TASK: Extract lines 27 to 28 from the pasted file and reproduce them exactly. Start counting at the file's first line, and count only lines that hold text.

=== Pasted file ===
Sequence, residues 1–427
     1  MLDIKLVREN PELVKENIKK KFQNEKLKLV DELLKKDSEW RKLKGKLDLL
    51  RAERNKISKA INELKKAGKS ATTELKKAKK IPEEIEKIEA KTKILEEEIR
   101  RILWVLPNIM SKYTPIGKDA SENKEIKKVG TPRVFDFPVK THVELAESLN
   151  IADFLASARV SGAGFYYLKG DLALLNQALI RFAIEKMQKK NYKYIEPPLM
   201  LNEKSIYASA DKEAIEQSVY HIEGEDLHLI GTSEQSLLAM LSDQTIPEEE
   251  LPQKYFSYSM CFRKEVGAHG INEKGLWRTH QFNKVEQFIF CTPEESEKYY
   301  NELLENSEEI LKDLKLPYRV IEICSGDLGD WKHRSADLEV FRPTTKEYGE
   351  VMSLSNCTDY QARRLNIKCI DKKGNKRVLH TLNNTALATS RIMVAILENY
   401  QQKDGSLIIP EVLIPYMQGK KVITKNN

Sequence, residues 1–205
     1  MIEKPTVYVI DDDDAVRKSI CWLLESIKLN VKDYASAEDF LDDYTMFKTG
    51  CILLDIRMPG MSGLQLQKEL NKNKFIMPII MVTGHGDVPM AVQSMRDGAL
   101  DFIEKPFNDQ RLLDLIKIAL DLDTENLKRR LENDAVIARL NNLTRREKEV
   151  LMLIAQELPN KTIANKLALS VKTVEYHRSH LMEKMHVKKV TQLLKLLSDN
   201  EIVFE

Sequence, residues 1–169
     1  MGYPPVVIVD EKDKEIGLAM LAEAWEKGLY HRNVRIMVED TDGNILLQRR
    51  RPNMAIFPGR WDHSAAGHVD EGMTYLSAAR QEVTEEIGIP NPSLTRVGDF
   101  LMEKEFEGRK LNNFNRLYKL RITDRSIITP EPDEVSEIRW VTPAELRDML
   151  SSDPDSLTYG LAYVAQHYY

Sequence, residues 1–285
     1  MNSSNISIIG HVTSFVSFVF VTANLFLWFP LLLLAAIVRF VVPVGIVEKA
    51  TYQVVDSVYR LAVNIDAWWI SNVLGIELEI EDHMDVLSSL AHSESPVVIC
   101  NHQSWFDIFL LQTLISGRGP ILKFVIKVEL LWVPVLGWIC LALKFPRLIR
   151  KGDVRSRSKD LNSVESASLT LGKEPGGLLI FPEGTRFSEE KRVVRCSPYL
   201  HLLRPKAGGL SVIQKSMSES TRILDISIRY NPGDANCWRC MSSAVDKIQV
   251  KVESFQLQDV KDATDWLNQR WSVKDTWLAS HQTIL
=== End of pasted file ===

   201  HLLRPKAGGL SVIQKSMSES TRILDISIRY NPGDANCWRC MSSAVDKIQV
   251  KVESFQLQDV KDATDWLNQR WSVKDTWLAS HQTIL